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WEB EXCLUSIVE: Social Justice on the Go

Janice Gallagher ’99 barnstorms the country with a Caravan for Peace

By Jessica Carew Kraft


Janice Gallagher ’99 is working hard to promote peace with justice and dignity on both sides of the United States–Mexican border.

When renowned Mexican poet Javier Sicilia’s son, Juan Francisco, was killed in a drug-related shootout in March 2011, the soft-spoken bard put down his pen and took up a megaphone. Launching the Movement for Peace with Justice and Dignity (MPJD), Sicilia united a vast group of drug war victims—families who had lost innocent loved ones in the crossfire of Mexico’s escalating conflict. They filled dozens of caravan buses and traveled across Mexico telling their stories and drawing attention not only to the heavy hand of state security forces but also to the corruption of the court system, police forces, and politicians who were unable to hold killers and traffickers accountable.

Enter Janice Gallagher ’99, a political-science doctoral student at Cornell University who is investigating the impact of human-rights organizations on policy, media, and legislative outcomes in Mexico and Colombia. Intrigued by the MPJD’s tactics, Gallagher accompanied the movement and one of its caravans across Mexico last year, taking notes, conducting interviews, and documenting human-rights abuses.

With her fluent Spanish and expertise in social justice, she was soon drawn inside the movement and asked to coordinate a monthlong caravan across the United States, which began Aug. 12.

The overarching purpose was to unite the Mexican and American communities, both of which were victims of the drug war, to press for more humane policies on arms trafficking, money laundering, and drug prohibition. With American mothers of incarcerated young men speaking alongside Mexican mothers of disappeared police officers, the gang warfare of inner-city Baltimore, for example, would thus be linked to the narcotrafficking tragedies of the Mexican city of Juarez. And the dire need for change in both countries would become clear.

“This type of binational organizing around a single cause had never been done on this scale before,” says Gallagher.

If it weren’t for William R. Kenan Jr. Professor of Political Science Kenneth Sharpe and former Swarthmore professor Meta Mendel-Reyes, Gallagher might have refused the opportunity, citing a conflict of interest. After all, how could an academic researcher remain analytically objective while participating in and influencing the course of a social movement?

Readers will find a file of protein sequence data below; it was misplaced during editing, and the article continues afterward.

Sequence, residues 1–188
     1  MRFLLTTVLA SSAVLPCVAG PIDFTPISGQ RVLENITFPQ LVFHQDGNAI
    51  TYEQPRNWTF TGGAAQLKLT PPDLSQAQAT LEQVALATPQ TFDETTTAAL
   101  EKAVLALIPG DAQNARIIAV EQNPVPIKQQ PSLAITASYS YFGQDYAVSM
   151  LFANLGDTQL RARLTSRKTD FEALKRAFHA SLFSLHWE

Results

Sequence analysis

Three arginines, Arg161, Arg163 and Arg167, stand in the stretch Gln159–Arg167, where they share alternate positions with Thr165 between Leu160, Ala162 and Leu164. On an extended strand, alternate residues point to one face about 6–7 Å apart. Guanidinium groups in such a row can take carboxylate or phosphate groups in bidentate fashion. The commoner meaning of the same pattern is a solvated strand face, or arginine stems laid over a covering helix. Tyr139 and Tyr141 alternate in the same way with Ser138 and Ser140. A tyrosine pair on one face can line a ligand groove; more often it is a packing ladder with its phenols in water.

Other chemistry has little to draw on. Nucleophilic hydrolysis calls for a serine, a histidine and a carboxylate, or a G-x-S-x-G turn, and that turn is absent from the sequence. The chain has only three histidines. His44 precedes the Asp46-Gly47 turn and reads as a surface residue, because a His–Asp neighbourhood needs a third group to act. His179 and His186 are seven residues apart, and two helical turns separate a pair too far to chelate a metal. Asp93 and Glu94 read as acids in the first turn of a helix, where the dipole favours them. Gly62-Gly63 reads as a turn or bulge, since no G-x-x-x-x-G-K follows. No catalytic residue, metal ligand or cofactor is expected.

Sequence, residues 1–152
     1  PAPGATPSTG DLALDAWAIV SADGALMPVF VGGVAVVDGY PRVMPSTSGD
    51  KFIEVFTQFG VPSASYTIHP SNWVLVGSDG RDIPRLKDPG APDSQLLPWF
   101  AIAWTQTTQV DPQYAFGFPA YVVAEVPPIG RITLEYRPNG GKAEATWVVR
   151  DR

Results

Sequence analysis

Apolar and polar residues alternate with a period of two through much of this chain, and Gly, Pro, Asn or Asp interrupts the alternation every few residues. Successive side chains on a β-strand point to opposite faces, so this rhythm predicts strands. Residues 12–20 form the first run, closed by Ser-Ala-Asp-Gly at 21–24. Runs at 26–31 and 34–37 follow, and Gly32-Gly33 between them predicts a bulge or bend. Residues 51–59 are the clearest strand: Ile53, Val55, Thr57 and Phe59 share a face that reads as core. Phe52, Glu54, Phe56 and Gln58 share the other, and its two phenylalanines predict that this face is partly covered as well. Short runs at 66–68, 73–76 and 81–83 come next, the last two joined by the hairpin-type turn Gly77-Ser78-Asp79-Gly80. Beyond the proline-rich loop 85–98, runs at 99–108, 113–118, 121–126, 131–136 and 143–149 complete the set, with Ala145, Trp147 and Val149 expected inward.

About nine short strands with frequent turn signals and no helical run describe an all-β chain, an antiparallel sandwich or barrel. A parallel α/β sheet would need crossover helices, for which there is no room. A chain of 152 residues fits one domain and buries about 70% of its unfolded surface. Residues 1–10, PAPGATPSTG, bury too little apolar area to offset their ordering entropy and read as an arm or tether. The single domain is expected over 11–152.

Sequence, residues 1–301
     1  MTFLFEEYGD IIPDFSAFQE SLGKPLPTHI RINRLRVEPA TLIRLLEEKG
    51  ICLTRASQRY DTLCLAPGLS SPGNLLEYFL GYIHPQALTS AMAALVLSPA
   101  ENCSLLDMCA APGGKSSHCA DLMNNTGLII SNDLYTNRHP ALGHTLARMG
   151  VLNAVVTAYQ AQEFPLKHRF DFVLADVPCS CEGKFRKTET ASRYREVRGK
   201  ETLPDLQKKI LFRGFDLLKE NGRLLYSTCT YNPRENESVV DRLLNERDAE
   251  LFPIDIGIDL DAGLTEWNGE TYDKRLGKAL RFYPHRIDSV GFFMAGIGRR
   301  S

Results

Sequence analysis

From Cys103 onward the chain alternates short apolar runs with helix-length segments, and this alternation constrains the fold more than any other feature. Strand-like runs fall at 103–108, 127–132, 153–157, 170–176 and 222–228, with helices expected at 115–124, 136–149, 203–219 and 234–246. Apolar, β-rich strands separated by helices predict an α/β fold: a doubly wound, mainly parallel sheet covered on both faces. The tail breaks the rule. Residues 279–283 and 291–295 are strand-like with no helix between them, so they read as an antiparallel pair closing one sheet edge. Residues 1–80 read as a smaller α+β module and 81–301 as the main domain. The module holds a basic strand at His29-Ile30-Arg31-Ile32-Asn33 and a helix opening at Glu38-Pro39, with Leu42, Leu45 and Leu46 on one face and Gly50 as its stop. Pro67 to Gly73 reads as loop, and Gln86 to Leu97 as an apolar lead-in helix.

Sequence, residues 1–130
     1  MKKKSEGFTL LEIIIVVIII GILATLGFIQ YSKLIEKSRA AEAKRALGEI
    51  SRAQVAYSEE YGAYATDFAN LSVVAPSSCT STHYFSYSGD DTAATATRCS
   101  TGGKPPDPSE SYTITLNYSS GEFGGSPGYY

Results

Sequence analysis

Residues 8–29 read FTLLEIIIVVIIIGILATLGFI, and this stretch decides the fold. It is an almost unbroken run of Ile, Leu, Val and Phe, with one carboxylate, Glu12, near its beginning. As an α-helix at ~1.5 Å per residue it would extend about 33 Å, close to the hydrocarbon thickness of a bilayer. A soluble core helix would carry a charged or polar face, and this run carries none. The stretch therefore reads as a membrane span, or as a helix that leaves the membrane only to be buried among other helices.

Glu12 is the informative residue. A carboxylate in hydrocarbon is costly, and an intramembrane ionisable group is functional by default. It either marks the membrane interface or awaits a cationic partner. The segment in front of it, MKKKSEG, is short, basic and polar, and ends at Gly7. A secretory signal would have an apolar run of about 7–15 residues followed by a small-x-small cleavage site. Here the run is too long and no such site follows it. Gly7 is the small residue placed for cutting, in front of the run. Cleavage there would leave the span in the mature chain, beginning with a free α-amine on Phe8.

“My background at Swarthmore instilled in me this idea that you don’t have to choose between being a scholar or an activist. I discovered later that not everyone thinks that,” she says, laughing. “But when I found myself in a position within the MPJD, still doing things relevant to my scholarly interests, I realized I was perfectly positioned to contribute to the movement. Co-organizing the Caravan for Peace resonated deeply with my education, which naturally joined activist work and scholarly interests,” she explains.

Gallagher, with organizers at Global Exchange, was in charge of forging alliances and envisioning a unified strategy with the more than 100 nonprofit groups and social movements in the United States that supported the Caravan, from the NAACP to the Washington Office on Latin America, to the Drug Policy Alliance. She also oversaw logistics—making sure the 120 participants were fed and sheltered, mostly in churches, as they traveled in buses from Tijuana to Washington, D.C., with 25 stops in between.

She also found herself crafting the group’s mission statement, singing for video soundtracks, MC-ing several events, and providing moral support for the presenters, who told their wrenching stories of murdered and disappeared family members to supportive crowds in city after city. The caravan culminated with hearings in both the U.S. Senate and in the House of Representatives and more than 30 meetings with congressional representatives.

“I’ve never been so exhausted in my life,” Gallagher said, after leaving Washington, D.C., on Sept. 13. But her research schedule didn’t allow her a moment’s rest: Gallagher headed immediately to Bogota, Colombia, to continue her research and document her experiences.

For more information, and to follow the MPJD movement, visit

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